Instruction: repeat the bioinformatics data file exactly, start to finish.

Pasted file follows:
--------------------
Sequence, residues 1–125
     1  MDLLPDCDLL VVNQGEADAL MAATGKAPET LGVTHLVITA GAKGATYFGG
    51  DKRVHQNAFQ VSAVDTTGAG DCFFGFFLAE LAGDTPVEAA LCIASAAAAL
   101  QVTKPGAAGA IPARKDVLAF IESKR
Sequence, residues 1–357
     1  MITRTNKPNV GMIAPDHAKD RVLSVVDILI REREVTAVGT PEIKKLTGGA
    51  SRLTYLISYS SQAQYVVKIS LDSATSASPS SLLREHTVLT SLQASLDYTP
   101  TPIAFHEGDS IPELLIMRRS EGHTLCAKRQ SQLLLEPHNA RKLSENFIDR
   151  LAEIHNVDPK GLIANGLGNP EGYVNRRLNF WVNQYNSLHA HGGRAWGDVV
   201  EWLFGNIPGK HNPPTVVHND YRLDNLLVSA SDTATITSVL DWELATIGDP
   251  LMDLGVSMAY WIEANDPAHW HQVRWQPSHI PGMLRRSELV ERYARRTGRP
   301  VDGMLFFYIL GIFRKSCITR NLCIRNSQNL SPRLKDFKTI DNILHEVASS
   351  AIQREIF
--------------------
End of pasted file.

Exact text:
Sequence, residues 1–125
     1  MDLLPDCDLL VVNQGEADAL MAATGKAPET LGVTHLVITA GAKGATYFGG
    51  DKRVHQNAFQ VSAVDTTGAG DCFFGFFLAE LAGDTPVEAA LCIASAAAAL
   101  QVTKPGAAGA IPARKDVLAF IESKR
Sequence, residues 1–357
     1  MITRTNKPNV GMIAPDHAKD RVLSVVDILI REREVTAVGT PEIKKLTGGA
    51  SRLTYLISYS SQAQYVVKIS LDSATSASPS SLLREHTVLT SLQASLDYTP
   101  TPIAFHEGDS IPELLIMRRS EGHTLCAKRQ SQLLLEPHNA RKLSENFIDR
   151  LAEIHNVDPK GLIANGLGNP EGYVNRRLNF WVNQYNSLHA HGGRAWGDVV
   201  EWLFGNIPGK HNPPTVVHND YRLDNLLVSA SDTATITSVL DWELATIGDP
   251  LMDLGVSMAY WIEANDPAHW HQVRWQPSHI PGMLRRSELV ERYARRTGRP
   301  VDGMLFFYIL GIFRKSCITR NLCIRNSQNL SPRLKDFKTI DNILHEVASS
   351  AIQREIF